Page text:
From the counting house to the modern office: explaining Anglo-American productivity differences in services, 1870–1990

Broadberry, S. and Ghosal, S. (2002) From the counting house to the modern office: explaining Anglo-American productivity differences in services, 1870–1990. Journal of Economic History, 62(04), pp. 967-998. (doi:10.1017/S0022050702001614)

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Abstract

The United States overtook Britain in comparative aggregate productivity levels primarily as a result of trends in services rather than trends in industry. This occurred during the transition from customized, low-volume, high-margin business organized on the basis of networks to standardized, high-volume, low-margin business with hierarchical management from the 1870s. This transformation from the counting house to the modern office was dependent on technologies that improved communications and information processing. The technologies were slower to diffuse in Britain as a result of lower levels of education and stronger labor-force resistance to intensification.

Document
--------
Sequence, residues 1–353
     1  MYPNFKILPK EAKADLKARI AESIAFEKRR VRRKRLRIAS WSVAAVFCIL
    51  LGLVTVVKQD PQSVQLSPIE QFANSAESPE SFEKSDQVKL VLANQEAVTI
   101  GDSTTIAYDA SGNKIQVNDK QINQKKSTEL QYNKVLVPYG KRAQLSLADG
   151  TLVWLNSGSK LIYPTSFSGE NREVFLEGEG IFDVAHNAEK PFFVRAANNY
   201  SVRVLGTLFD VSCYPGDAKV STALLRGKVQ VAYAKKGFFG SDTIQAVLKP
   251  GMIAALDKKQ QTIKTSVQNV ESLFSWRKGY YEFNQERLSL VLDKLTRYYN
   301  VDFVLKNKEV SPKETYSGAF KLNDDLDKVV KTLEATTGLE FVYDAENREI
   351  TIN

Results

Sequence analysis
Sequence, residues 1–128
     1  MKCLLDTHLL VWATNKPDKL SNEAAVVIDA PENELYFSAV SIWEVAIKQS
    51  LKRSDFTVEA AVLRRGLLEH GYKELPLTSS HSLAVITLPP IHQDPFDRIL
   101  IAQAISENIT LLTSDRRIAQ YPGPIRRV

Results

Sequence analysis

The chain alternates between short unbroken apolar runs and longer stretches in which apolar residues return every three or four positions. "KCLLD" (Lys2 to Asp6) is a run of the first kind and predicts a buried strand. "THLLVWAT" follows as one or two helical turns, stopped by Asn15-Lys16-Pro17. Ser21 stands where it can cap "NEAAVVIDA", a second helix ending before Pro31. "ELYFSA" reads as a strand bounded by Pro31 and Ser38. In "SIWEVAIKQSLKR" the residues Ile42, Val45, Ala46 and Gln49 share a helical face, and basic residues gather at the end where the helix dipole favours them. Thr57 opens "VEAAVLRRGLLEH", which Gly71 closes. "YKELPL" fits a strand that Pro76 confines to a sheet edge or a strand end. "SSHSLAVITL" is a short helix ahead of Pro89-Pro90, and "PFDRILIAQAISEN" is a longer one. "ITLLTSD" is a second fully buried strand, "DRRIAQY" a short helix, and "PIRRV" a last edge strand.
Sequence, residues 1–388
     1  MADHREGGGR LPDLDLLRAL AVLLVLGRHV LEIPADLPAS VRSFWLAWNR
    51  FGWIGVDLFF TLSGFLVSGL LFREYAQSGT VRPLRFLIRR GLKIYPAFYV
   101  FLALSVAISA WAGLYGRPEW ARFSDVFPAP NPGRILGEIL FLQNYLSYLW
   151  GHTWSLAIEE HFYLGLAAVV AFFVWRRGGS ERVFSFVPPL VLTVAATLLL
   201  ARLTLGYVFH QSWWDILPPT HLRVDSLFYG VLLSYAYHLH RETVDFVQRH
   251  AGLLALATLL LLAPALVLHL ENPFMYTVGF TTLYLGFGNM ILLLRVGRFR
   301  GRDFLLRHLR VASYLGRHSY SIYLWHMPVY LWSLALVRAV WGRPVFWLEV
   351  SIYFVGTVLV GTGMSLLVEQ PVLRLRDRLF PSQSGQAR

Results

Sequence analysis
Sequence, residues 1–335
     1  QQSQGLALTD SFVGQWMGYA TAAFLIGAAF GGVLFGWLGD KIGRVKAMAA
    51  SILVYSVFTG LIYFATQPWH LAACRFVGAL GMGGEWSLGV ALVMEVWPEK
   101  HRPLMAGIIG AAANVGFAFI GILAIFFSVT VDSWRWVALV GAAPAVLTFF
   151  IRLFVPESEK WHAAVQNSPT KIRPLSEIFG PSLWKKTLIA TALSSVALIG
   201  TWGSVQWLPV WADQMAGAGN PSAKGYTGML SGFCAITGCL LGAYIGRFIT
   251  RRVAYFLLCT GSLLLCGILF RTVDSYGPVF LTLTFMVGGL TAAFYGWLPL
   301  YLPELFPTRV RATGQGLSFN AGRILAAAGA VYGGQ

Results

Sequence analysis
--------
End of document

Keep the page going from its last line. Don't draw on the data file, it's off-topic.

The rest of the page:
Item Type:Articles
Status:Published
Refereed:Yes
Glasgow Author(s) Enlighten ID:Ghosal, Professor Sayantan
Authors: Broadberry, S., and Ghosal, S.
College/School:College of Social Sciences > Adam Smith Business School > Economics
Journal Name:Journal of Economic History
ISSN:0022-0507
ISSN (Online):1471-6372
Published Online:23 January 2003

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